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On her own - Parsimonious Compositionality: Probing Syntax and Semantics with French propre

  • Charnavel, Isabelle
Publication Date
Jan 01, 2012
eScholarship - University of California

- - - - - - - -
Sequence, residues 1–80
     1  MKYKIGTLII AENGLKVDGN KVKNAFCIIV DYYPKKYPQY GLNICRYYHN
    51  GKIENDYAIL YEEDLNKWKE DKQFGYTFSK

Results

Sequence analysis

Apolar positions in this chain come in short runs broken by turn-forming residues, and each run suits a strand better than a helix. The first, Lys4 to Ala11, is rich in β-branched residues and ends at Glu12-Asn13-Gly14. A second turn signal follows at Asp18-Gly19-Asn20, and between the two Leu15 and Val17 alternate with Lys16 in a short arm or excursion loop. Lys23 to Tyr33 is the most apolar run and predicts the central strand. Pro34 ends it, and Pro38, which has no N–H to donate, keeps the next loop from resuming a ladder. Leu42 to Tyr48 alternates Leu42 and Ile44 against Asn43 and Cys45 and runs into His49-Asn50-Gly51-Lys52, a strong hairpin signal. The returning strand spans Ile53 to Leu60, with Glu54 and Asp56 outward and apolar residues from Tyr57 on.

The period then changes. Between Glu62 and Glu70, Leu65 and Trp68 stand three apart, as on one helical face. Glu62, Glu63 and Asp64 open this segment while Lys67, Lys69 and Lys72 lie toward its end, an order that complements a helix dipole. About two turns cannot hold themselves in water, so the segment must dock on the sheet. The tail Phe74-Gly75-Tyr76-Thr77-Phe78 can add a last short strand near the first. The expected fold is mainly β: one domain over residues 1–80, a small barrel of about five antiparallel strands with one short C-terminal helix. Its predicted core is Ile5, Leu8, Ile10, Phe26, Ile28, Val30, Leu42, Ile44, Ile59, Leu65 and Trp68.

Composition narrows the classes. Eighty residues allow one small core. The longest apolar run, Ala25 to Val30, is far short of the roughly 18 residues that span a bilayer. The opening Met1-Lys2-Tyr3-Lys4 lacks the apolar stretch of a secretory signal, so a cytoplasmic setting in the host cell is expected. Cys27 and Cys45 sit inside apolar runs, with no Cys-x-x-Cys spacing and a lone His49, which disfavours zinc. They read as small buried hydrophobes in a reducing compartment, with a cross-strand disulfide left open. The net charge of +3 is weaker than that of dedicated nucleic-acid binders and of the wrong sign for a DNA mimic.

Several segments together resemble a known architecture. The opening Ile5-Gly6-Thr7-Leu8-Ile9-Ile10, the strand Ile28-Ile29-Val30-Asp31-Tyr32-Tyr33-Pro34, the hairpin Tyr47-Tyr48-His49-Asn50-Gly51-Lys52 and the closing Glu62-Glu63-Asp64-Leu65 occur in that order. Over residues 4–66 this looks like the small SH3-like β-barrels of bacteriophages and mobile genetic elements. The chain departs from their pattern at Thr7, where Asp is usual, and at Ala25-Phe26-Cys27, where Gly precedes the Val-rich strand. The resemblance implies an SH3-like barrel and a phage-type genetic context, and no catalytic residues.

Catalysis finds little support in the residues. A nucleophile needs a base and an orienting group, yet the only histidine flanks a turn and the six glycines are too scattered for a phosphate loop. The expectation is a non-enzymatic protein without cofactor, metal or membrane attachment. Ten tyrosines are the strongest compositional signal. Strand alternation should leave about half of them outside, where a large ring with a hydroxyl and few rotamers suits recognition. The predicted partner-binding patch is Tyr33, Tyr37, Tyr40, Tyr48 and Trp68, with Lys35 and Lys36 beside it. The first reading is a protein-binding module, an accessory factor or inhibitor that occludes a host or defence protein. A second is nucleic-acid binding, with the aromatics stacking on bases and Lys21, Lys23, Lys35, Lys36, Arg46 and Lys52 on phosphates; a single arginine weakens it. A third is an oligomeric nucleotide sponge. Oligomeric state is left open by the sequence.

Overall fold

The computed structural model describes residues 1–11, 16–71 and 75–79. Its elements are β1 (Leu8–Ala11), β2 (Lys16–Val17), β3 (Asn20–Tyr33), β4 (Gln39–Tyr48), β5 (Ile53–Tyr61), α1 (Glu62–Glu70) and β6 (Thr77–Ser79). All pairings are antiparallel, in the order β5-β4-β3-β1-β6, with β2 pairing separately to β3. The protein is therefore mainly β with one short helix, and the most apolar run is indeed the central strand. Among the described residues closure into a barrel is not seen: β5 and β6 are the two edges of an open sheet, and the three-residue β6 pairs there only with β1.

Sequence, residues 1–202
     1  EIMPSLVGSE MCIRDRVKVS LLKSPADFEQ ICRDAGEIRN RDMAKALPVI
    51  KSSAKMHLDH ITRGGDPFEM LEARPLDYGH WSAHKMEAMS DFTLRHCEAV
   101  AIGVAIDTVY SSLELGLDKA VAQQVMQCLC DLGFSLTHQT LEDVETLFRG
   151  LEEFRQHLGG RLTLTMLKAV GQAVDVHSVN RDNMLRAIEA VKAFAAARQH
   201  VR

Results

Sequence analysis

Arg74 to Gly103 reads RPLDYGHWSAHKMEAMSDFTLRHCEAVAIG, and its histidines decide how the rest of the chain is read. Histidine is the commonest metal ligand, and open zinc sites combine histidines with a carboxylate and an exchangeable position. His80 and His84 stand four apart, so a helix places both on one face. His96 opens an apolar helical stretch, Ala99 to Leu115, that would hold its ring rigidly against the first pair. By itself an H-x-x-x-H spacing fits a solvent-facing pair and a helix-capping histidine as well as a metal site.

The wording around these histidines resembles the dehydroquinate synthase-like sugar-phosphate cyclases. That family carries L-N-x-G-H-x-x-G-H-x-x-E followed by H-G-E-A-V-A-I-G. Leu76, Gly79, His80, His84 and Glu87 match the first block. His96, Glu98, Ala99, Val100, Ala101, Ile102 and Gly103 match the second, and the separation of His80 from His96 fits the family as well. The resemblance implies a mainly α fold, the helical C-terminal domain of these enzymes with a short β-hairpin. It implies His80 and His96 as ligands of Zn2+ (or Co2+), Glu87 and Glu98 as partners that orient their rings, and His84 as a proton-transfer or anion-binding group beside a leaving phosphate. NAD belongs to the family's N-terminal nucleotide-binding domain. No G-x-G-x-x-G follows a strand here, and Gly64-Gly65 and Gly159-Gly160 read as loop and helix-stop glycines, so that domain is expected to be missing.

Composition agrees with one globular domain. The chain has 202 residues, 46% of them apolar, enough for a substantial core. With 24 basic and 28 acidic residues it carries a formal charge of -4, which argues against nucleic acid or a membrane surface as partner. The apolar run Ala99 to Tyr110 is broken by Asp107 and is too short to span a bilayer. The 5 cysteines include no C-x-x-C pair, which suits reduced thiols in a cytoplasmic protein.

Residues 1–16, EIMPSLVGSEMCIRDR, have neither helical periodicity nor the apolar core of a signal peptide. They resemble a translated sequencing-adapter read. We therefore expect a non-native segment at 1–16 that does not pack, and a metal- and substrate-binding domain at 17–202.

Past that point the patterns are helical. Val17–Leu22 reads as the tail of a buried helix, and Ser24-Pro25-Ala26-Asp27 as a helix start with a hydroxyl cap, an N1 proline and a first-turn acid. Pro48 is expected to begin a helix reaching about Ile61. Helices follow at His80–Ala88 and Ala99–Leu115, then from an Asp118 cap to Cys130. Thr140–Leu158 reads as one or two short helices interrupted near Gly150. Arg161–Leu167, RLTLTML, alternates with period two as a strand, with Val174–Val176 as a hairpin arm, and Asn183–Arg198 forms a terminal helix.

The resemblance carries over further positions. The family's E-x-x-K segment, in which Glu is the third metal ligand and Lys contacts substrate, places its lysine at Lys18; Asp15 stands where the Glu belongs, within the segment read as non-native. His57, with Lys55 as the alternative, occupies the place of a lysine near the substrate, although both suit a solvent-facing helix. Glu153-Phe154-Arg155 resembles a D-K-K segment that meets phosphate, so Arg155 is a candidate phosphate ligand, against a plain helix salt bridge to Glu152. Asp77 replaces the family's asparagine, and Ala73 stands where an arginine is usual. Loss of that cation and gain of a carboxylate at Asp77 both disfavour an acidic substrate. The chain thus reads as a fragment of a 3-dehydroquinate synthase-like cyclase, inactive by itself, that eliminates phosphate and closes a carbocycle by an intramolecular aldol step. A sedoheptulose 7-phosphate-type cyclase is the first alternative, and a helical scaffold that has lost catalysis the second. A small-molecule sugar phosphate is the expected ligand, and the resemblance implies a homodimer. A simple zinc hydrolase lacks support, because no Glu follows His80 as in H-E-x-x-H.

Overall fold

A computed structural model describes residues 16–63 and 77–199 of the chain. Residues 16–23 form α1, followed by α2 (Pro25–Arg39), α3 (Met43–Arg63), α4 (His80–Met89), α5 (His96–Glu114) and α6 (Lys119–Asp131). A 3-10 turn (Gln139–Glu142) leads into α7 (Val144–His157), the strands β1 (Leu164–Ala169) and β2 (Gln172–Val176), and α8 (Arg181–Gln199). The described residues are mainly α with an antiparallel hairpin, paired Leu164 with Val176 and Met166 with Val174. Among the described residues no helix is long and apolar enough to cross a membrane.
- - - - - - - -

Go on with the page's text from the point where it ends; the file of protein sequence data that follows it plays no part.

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This dissertation focuses on the French word <italic>propre</italic> roughly meaning `characteristic-of' and corresponding to English <italic>own</italic> found in `her own thesis'. This adjective makes extremely varied and complex contributions to the meaning and properties of sentences it occurs in. The present work addresses the question of how these contributions arise. Parsimoniously assuming a unique lexical entry for <italic>propre</italic>, these contributions are compositionally derived by a specific DP-internal structure and different interactions with focus.More precisely, <italic>propre</italic> is analyzed as taking as argument a possessive relation characterized as most specific. Unlike postnominal <italic>propre</italic>, prenominal <italic>propre</italic> exhibits three main readings called restrictive, possessor and possessum <italic>propre</italic>: restrictive <italic>propre</italic> has a standard intersective truth-conditional effect; possessor and possessum <italic>propre</italic> do not, but induce focus alternatives respectively to the possessor and to the possessum; possessum <italic>propre</italic> moreover gives rise to scalarity effects. These readings are argued to derive from a principle of minimization and different interactions with focus; in particular, the behavior of possessum <italic>propre</italic> shows the presence of a covert focus operator akin to <italic>even</italic>.When combined with a pronominal possessor like <italic>son</italic> (`his'), the behavior of <italic>propre</italic> provides probes bearing on binding theoretic issues. First, <italic>son propre</italic> exhibits complex correlations between focus, locality and animacy: possessor <italic>propre</italic> is subject to locality only when it is inanimate, unlike possessum <italic>propre</italic> not so constrained. The difference between possessor and possessum <italic>propre</italic> underscores an interaction between focus and binding. Moreover, the distribution of possessor <italic>son propre</italic> sheds new light on how to formulate condition A supporting the relevance of local binding domain (for non-exempt anaphors) and the need for exemption (from condition A). As inanimate French anaphors like <italic>son propre</italic> are never exempt, they provide a crucial tool for delimiting locality, allowing a reduction of condition A (at least in French) to phase theory based architectural principles.

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